Wednesday, February 15, 2006

Copyedits for Violet Dawn


When I first started publishing with Zondervan, I was assigned a great copyeditor. I worked with him through numerous books, then lost him for a while. Boy, did I feel the difference. I’d grown so used to this guy’s hard look at my manuscripts that I didn’t realize all copyeditors weren’t made of the same cloth. Whereas he would give me pages of queries, the other copyeditors would send along a half a page. In the first printing of one of my novels in which I hadn't worked with this guy, I found numerous grammatical mistakes (which were fixed in the second printing). I’d discovered some myself during proofing, but apparently hadn’t caught all of them. They should have been caught in the copyedit process, but they weren’t. If I’d had my old, hard copyeditor, they would have been caught. So I demanded him back.

In the copyedit for Web of Lies, this fave Copyeditor (CE) of mine queried about the stair banister in Annie’s house. In one sentence I referred to it as a “white banister.” CE went back and did a search in each of the three earlier Hidden Faces books to check for consistency. Sure enough, I’d never explained it as a white banister before. I’d never mentioned its color at all. “Are you sure you want to say this now?” he asked. “Readers may have imagined it differently for three books’ running.”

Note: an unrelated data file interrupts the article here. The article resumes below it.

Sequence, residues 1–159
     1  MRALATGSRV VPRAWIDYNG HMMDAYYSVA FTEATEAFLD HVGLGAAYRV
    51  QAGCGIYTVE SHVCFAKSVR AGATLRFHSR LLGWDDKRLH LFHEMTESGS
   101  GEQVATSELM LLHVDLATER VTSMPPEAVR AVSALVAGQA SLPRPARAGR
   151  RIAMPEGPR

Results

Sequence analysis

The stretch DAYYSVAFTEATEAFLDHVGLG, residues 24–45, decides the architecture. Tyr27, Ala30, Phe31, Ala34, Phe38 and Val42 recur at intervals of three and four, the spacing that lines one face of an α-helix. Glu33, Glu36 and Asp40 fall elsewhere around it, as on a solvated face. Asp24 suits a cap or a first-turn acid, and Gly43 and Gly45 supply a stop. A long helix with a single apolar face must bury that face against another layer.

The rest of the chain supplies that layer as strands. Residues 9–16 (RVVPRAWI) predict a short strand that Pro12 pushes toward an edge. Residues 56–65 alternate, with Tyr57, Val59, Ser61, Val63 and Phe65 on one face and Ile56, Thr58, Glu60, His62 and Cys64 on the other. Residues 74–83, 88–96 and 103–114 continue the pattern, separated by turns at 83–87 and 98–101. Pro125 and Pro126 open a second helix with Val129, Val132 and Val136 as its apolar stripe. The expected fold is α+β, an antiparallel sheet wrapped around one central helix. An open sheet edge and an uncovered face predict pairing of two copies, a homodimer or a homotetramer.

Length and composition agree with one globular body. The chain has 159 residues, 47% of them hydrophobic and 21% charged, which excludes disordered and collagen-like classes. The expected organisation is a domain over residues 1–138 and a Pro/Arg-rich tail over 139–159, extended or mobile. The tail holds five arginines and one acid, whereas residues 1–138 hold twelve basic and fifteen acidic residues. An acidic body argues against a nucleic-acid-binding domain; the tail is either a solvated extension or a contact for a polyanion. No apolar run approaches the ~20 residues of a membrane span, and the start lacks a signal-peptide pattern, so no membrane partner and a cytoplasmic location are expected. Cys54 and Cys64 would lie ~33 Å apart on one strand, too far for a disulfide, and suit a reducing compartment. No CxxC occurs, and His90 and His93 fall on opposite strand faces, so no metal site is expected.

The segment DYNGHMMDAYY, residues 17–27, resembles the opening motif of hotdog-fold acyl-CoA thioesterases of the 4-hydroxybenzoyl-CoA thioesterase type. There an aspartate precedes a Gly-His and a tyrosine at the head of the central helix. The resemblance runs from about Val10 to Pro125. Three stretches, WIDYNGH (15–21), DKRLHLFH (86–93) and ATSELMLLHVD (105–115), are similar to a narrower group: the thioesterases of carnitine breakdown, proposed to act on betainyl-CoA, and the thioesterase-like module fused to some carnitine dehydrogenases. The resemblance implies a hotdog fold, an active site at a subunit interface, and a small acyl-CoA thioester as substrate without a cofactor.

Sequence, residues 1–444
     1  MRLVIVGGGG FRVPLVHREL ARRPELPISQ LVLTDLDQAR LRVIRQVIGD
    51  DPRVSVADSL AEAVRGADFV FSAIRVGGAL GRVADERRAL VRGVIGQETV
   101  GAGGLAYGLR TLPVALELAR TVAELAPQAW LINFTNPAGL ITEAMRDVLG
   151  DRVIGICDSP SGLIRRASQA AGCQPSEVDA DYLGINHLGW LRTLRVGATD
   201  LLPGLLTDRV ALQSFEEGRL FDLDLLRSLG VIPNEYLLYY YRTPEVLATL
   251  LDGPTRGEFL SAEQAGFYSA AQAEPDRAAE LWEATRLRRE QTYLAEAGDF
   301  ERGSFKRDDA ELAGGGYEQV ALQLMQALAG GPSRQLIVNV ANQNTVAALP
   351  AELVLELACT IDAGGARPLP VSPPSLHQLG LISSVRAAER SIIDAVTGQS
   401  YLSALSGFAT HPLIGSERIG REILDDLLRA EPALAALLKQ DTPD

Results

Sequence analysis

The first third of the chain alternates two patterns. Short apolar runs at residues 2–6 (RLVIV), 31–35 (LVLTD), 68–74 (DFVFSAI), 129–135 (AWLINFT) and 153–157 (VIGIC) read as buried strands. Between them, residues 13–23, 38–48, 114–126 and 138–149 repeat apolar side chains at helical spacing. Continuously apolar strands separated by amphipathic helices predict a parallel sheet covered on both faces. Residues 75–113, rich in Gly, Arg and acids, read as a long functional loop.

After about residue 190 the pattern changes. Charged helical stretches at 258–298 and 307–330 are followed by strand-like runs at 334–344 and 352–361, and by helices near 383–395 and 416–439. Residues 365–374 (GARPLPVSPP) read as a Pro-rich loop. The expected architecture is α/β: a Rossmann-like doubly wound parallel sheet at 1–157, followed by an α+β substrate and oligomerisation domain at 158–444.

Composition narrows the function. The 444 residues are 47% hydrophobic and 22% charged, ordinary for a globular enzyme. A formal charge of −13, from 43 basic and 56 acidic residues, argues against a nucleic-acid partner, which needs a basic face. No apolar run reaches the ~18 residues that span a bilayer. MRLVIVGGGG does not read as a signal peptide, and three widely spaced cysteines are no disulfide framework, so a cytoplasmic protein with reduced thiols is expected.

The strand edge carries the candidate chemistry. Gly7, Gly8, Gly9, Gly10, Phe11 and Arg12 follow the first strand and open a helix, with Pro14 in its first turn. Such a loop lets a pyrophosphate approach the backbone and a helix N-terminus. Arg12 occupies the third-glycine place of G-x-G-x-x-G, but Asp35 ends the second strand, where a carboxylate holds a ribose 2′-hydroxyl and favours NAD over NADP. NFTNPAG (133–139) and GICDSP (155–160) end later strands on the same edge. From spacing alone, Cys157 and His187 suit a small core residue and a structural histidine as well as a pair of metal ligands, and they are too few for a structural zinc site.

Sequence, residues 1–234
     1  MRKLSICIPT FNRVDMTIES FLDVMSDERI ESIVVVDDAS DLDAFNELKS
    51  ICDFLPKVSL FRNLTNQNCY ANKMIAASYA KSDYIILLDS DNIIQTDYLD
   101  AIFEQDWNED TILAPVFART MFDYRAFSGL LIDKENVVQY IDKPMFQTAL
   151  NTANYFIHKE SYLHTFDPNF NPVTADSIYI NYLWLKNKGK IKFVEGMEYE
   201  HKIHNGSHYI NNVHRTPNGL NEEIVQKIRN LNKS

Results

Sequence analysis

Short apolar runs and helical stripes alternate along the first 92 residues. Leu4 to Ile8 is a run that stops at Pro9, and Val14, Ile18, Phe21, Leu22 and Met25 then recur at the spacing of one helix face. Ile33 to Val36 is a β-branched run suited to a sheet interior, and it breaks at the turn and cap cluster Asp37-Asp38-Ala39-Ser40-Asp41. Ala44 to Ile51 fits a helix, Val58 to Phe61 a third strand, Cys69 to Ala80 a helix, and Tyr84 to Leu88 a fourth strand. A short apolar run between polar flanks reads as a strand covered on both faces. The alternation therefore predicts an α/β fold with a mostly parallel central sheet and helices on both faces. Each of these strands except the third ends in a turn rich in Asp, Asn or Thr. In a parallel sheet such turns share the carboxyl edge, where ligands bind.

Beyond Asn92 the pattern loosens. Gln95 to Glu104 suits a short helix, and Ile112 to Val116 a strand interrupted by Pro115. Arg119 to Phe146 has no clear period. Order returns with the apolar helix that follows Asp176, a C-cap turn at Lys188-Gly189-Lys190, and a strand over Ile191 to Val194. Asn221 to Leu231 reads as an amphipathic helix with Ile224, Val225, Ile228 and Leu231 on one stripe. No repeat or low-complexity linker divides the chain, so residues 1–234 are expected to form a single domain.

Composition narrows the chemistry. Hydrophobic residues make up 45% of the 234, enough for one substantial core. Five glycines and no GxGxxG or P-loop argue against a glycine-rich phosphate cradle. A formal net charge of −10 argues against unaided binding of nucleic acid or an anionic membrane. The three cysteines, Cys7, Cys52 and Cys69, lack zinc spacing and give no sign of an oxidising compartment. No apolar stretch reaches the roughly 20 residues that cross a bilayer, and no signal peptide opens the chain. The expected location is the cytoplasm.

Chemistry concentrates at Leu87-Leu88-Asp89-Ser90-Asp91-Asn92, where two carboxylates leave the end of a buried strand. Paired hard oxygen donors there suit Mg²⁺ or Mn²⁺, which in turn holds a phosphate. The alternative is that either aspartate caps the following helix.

Now that is a detail-oriented copyeditor.

I deleted the word white.

In the copyedits for Violet Dawn, CE had over 170 queries. This is not counting all the “overused words” he listed. I’ll tell you, it’s one thing to note something that stands out in a sentence. It’s another thing to note a certain word’s usage throughout the entire book. But CE apparently keeps a running track. Here are just a few he caught:

Tilt, 17 times. ("People tend to tilt their heads and look up, instead of merely looking.") Flick, 25 times. Whoosh, 5 times. Survey, 19 times. Swivel, 14 times. Grunt, 16 times.

Really? I had no idea my characters did so much grunting.

There were about a dozen other words he found overused. It takes me a long time to fix these. I have to do a search on the computer, then come up with another appropriate word (that I haven’t used too much.)

Here are a few examples of his queries for Violet Dawn (with some blanks so as not to give away any content):